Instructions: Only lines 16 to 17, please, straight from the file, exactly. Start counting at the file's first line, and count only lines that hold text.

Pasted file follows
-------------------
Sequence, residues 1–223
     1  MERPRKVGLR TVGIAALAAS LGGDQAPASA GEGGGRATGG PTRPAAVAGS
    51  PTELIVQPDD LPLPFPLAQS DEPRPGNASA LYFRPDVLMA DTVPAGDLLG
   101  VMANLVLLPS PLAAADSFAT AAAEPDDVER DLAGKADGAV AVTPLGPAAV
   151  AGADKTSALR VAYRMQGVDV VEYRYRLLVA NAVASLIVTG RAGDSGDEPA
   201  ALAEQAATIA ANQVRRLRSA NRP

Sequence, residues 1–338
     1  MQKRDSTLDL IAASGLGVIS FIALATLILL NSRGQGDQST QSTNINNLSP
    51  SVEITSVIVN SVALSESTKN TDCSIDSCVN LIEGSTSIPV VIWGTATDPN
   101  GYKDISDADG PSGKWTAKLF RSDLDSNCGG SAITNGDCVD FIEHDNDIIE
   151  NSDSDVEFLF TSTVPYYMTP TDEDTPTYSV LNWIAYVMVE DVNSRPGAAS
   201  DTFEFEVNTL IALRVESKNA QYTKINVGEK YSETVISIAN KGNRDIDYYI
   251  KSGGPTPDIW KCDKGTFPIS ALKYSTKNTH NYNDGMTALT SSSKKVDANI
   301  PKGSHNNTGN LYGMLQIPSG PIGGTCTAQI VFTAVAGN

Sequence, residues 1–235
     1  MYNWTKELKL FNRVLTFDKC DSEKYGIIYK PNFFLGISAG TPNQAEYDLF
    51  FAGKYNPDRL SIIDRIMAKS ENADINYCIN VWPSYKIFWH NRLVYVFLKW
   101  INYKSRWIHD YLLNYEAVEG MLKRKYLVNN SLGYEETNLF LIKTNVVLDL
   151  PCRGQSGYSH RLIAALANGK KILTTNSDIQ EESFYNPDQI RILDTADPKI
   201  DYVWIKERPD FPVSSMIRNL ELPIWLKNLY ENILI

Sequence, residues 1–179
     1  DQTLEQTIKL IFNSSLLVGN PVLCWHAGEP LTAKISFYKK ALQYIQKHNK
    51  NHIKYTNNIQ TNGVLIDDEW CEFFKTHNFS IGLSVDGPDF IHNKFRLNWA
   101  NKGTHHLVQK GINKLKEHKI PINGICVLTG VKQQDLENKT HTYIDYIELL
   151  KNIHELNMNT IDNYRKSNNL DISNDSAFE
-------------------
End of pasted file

     1  MYNWTKELKL FNRVLTFDKC DSEKYGIIYK PNFFLGISAG TPNQAEYDLF
    51  FAGKYNPDRL SIIDRIMAKS ENADINYCIN VWPSYKIFWH NRLVYVFLKW